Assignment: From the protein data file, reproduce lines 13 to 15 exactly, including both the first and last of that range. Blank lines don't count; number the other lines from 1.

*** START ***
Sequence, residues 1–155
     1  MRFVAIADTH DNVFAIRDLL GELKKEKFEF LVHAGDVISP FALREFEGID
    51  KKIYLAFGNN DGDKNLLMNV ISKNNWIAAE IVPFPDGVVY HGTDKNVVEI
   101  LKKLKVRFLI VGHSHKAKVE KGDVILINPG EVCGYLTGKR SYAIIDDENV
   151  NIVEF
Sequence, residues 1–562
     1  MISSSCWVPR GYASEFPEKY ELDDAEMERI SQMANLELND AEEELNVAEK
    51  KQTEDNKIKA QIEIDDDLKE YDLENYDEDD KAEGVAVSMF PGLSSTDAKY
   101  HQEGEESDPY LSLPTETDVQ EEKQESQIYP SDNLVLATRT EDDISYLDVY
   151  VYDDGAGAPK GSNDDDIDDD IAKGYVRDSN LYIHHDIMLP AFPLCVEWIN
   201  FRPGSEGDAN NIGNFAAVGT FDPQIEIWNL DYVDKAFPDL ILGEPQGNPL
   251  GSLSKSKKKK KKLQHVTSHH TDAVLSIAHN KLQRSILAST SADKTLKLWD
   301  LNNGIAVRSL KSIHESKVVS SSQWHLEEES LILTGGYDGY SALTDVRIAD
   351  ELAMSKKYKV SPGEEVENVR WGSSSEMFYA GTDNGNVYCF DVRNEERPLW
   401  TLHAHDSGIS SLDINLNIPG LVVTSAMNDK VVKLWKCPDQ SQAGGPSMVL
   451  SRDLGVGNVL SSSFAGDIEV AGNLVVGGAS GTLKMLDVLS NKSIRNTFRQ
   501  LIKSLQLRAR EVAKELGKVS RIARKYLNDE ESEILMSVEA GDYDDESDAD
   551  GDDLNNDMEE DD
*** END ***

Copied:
   301  LNNGIAVRSL KSIHESKVVS SSQWHLEEES LILTGGYDGY SALTDVRIAD
   351  ELAMSKKYKV SPGEEVENVR WGSSSEMFYA GTDNGNVYCF DVRNEERPLW
   401  TLHAHDSGIS SLDINLNIPG LVVTSAMNDK VVKLWKCPDQ SQAGGPSMVL